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This question already has an answer here:

I have saved user passwords in MD5 form in my database, now I want to send password to users in plaintext, is there any way I can convert an MD5 string to plaintext?

marked as duplicate by Machavity php Apr 26 '17 at 17:01

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Md5 is a hashing algorithm. There is no way to retrieve the original input from the hashed result.

If you want to add a "forgotten password?" feature, you could send your user an email with a temporary link to create a new password.

Note: Sending passwords in plain text is a BAD idea :)

  • What about this? – Kiran RS Mar 26 '15 at 7:52
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    To clarify there is no way to retrieve the original but websites that do md5 decrypting simply have a massive database of known md5 hashes that they can just check against – tylerism Jan 9 '17 at 19:24
  • it can md5decrypt.org – May Weather VN Jul 17 at 9:19
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you can use this http://www.md5decrypt.org/ or this http://md5.gromweb.com/ it will decrypt your md5 code

  • This will only work if the password that was hashed is a standard dictionary word or some order word which has been pre-hashed to identify what the hashed word is. If the password is a more randomly made up string with numbers are symbols (which is best practice and is being enforced on many sites now) then no current MD5 decoder available will work. The way all these MD5 decoders work is to have a database of words with their hashed values and to them search the hashed values for a match to a corresponding word. – Chris Rutherfurd Apr 10 '18 at 21:50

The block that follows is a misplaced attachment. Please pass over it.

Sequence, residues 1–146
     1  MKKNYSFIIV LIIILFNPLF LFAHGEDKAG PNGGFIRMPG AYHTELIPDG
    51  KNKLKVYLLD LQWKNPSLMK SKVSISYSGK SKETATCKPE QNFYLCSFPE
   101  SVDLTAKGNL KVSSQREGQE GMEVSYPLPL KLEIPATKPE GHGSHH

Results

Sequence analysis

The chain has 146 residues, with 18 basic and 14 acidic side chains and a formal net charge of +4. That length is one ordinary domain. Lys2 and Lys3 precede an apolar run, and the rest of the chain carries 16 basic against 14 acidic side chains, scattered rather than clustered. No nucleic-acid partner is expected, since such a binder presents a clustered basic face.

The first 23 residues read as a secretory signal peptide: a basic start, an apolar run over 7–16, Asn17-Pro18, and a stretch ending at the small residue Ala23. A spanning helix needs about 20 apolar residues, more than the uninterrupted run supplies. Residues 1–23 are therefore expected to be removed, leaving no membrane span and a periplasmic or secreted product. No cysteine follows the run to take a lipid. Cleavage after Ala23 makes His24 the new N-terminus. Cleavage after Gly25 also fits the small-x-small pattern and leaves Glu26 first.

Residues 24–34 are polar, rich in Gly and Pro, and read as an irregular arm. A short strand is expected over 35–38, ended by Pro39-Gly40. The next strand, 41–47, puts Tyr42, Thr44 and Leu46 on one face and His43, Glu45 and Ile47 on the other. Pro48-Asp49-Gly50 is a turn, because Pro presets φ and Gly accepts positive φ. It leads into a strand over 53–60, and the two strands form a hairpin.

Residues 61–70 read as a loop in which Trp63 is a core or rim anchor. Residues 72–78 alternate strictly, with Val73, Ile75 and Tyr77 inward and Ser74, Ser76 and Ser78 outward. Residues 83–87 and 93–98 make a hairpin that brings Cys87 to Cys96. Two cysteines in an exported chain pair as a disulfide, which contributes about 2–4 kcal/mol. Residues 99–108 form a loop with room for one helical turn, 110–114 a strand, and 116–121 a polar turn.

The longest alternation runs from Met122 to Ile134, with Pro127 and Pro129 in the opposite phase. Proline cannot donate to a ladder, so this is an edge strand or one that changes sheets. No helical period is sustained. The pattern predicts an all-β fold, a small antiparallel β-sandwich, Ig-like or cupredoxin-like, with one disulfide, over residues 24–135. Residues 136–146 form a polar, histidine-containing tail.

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I you send passwords to users in an email, you might as well have no passwords at all.

You cannot reverse the MD5 function, so your only option is to generate a new password and send that to the user (preferably over some secure channel).

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The idea of MD5 is that is a one-way hashing, so it can't be once the original value has been passed through the hashing algorithm (if at all).

You could (potentially) create a database table with a pairing of the original and the MD5 values but I guess that's highly impractical and poses a major security risk.

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    @KiranRS What about it? – Ocracoke Mar 26 '15 at 9:35

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